In a recent, sobering report from the Australian Strategic Policy Institute (ASPI), it has been revealed that Nintendo is among 83 foreign companies directly or indirectly benefiting from the coerced labor of Uyghur minorities in China.
Uyghurs have lived throughout Central and East Asia for well over a thousand years, though the modern Chinese government does not classify them as indigenous to the northwestern Xinjiang Uygur Autonomous Region.
In recent years, the government has begun employing re-education camps, with minorities being arrested outside of any legal system, allegedly in response to extremist threats (which apparently include innocuous acts like “sending Ramadan greetings to friends”). The move has seen strong opposition from the Human Rights Watch and United Nations, with the latter’s Gay McDougall describing them as “political camps for indoctrination.”
The ASPI’s latest report reveals that local governments and private brokers are being paid by the Xinjiang government to assign those within the camps to work within factories across the country – something that is reportedly extremely difficult for the worker to refuse, with the threat of detention and constant surveillance being ever-present. Factories that are taking these workers include FoxConn and Hubei Yihong Precision Manufacturing Co. Ltd, which both provide services for tech companies like Nintendo, Google, Apple, Sony, Microsoft, and many, many more. Unlike other employees at the factories, the Uyghur aren’t allowed to go home for the holidays, are forced to take part in “political education”, live in guarded dormitories on-site, and are prevented from practicing their religion.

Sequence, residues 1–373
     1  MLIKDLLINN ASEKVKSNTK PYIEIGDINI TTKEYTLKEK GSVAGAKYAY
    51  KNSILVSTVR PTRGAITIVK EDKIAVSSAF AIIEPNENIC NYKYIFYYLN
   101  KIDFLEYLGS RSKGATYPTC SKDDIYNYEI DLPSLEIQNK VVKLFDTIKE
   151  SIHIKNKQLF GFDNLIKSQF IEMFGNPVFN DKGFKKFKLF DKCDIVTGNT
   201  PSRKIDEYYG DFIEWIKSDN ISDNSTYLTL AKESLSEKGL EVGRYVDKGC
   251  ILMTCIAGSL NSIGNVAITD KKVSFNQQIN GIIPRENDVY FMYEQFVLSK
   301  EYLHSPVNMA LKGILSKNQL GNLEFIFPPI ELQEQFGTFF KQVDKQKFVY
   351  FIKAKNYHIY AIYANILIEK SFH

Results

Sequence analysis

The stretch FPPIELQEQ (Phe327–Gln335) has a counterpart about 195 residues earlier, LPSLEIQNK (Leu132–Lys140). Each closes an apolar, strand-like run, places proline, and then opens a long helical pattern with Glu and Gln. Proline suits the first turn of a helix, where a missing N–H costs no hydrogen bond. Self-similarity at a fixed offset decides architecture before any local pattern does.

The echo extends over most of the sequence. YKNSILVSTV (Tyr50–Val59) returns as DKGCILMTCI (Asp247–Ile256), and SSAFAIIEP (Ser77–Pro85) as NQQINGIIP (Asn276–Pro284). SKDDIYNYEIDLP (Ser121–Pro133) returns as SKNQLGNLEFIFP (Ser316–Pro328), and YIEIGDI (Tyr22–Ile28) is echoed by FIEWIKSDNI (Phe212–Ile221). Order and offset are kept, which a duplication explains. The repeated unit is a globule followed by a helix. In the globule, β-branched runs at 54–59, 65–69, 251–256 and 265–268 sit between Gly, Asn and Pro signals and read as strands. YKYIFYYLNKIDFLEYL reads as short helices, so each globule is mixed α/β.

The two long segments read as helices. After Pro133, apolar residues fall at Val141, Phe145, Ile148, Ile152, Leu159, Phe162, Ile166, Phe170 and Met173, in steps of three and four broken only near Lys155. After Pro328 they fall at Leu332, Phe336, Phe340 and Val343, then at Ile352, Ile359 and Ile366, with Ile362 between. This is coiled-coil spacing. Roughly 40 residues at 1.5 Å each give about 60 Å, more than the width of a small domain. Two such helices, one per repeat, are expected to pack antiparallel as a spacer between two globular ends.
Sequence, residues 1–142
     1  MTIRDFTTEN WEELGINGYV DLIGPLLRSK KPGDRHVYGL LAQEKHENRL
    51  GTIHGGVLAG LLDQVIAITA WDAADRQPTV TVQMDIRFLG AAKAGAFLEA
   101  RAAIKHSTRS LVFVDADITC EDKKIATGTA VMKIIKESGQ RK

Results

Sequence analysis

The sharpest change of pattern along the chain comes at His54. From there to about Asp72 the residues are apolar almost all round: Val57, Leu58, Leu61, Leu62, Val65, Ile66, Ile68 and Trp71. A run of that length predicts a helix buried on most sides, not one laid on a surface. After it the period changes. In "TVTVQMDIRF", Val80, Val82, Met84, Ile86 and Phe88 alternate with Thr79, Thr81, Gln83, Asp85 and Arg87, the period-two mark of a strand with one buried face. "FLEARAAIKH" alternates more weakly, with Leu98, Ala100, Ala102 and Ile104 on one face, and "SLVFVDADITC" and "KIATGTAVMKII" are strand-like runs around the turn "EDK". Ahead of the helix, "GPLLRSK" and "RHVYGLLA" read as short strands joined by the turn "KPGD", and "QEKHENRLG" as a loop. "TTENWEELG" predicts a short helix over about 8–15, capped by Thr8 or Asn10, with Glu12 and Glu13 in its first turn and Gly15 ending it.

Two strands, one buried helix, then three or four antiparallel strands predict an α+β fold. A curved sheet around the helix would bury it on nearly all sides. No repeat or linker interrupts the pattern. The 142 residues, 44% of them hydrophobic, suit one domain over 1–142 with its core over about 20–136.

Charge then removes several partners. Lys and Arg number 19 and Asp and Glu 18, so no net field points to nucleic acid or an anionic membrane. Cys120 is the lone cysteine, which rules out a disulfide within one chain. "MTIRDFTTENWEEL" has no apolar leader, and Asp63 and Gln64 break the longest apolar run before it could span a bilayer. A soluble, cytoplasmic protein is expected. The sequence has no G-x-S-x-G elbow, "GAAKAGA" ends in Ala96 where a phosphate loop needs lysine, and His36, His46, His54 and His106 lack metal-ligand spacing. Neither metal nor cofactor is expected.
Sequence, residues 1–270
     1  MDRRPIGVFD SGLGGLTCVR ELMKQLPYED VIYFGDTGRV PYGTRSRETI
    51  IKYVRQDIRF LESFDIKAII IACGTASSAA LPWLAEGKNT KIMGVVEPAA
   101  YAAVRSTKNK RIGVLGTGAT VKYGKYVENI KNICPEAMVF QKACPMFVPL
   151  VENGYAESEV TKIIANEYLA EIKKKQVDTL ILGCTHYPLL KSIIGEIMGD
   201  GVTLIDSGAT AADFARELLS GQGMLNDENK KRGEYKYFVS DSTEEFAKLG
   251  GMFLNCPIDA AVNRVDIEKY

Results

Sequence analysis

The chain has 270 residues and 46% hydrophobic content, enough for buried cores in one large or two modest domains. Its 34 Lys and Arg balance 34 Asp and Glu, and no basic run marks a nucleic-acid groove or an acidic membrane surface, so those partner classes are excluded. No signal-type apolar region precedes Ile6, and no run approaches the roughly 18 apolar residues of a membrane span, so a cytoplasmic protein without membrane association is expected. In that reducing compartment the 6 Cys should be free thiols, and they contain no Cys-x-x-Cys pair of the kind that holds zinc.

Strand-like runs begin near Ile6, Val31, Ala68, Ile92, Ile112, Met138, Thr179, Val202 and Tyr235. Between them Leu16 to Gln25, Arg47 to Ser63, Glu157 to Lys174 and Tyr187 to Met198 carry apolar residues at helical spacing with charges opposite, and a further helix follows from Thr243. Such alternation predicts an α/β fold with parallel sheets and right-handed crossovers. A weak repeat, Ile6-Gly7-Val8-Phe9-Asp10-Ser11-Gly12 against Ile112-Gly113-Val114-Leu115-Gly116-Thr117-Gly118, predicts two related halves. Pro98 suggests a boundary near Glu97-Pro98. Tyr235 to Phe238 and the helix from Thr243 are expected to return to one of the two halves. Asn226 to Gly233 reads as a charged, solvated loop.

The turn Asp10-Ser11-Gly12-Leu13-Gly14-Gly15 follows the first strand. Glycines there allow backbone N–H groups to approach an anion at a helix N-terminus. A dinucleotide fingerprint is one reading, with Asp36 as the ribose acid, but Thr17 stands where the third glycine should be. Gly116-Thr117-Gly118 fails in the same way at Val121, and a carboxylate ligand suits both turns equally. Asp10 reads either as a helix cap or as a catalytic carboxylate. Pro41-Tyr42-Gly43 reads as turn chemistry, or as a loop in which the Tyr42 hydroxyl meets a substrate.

More specific details can be found in the ASPI report, the BBC’s breakdown, and ExtremeTech’s Joel Hruska’s detailed take on the situation.
There is some hope for Nintendo moving its business elsewhere – just last year the company started doing business with factories based within Vietnam, albeit for financial reasons. Given the scale of the issue, we will likely hear more responses from companies in the coming months.